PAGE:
Our most recent international survey began like a spy novel, collecting our passports from a courier at Heathrow airport and within 18 hours landing in Luanda (via Johannesburg) to be met by a small welcoming party and another envelope containing a one way flight on the Heli-Malongo internal flight to Cabinda, a small coastal exclave and province of Angola for a triple first for our Geo Therm Ltd survey team. Our first overnight stay at Chevron’s huge Malongo Base, our first Angolan survey for Ensco and a first survey on the towering Ensco 109 jack-up rig.
Within 10 minutes of departing Malongo Base we were buzzing the Ensco 109, a Keppel FELS KFELS MOD V B jack-up rig. Built in 2008 in Singapore, the Ensco 109 is capable of operating in 350ft water depth and drill to depths of 35,000ft. With an ABS class and IMO #8768323 this rig with its international crew are well versed to working safely and productively within sight of the Angolan coastline, drilling for the oil giant Chevron.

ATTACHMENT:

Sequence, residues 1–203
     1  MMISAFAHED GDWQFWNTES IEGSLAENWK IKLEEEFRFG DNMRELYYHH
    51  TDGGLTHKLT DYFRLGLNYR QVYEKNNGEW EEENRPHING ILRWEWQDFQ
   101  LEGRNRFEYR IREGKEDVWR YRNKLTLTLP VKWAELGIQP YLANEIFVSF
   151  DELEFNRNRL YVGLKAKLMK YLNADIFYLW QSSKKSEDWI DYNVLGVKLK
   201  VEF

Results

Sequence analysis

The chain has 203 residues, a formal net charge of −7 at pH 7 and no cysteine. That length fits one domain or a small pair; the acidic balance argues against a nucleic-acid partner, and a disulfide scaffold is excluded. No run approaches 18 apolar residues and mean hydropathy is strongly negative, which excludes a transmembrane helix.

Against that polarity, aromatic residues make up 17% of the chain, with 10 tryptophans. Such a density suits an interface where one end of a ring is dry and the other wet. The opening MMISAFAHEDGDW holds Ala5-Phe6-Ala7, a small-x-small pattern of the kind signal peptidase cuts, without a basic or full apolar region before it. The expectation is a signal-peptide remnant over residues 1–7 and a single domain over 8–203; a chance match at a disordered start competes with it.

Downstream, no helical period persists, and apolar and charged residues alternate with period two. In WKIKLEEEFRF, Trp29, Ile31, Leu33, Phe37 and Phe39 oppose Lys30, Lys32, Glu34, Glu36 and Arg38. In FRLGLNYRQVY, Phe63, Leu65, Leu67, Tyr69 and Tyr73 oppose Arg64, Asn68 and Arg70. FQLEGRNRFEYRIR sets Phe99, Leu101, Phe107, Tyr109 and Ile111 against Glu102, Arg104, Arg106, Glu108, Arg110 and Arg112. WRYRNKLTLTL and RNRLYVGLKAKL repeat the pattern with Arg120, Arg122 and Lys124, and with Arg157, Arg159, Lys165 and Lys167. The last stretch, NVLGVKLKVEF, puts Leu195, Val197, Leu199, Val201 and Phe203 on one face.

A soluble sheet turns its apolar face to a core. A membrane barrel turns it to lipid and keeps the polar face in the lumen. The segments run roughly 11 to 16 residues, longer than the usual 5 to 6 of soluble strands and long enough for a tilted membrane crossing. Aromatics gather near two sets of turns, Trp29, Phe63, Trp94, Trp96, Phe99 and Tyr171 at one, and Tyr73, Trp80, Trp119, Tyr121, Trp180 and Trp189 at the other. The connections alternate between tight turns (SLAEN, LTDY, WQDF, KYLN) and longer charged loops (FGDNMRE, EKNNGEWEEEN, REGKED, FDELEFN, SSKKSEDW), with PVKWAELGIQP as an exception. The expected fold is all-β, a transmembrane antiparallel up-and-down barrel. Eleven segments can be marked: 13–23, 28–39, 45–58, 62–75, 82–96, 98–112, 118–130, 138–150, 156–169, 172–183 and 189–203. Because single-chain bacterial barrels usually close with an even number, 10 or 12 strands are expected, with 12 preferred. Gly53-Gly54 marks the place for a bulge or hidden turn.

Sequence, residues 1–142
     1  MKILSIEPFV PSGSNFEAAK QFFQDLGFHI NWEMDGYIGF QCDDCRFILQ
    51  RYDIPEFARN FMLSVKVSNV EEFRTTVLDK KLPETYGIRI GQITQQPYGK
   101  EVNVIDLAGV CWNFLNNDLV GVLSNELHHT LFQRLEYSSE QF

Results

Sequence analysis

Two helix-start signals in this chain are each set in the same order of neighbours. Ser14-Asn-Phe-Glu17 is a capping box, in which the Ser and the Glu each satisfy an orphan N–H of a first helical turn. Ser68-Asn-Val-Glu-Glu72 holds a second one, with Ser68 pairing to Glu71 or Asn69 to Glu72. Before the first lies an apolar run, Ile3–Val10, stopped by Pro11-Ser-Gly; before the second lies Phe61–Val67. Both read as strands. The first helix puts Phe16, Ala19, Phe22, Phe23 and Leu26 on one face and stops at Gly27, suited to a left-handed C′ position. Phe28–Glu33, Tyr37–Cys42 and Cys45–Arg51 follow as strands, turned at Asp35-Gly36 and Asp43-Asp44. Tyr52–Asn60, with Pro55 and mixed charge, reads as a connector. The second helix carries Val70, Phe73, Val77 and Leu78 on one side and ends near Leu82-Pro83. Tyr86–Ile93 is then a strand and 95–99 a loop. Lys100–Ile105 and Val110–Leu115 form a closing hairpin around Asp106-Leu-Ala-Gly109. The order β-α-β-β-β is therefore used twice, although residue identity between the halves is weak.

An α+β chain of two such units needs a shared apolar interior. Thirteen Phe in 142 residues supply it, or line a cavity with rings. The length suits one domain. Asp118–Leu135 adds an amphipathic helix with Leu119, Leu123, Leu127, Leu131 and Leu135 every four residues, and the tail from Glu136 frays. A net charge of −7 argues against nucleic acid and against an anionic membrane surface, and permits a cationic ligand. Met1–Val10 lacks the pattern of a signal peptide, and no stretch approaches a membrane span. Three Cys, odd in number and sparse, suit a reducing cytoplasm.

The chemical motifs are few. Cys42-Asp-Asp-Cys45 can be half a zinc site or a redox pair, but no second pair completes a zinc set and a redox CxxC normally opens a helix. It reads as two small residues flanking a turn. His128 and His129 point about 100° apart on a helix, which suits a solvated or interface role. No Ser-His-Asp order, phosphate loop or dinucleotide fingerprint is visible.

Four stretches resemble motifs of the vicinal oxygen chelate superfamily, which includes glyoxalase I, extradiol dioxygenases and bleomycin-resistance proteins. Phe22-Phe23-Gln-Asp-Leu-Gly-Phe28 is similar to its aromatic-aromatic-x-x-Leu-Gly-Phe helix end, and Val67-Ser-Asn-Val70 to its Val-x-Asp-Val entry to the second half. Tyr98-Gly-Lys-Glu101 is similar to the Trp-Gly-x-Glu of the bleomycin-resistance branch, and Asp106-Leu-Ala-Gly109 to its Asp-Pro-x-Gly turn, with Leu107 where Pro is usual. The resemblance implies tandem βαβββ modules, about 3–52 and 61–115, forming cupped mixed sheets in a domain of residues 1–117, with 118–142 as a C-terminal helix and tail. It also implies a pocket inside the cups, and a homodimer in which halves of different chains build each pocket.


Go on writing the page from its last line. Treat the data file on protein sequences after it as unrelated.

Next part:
Our remit, to perform a temperature sensitive hot-spot Thermographic Survey on the Ensco 109’s electrical distribution system, necessary for compliance to the rigs stringent PM program to prevent downtime by non-invasively detecting excessive heat in energised equipment, a prelude of component failure.
Upon survey completion, a interim report and presentation to the rig supervisor concluded our visit and we were soon back on the sun drenched heli-deck to board the small six seater Bell 429 helicopter and back to Malongo Base. After three further flights and some 24 hours later we were landing back in the UK tired but full of optimism and praise to re-visit the Ensco 109 and this distant land, where the welcoming smiles and assistance were as tireless as the vivid African sunsets.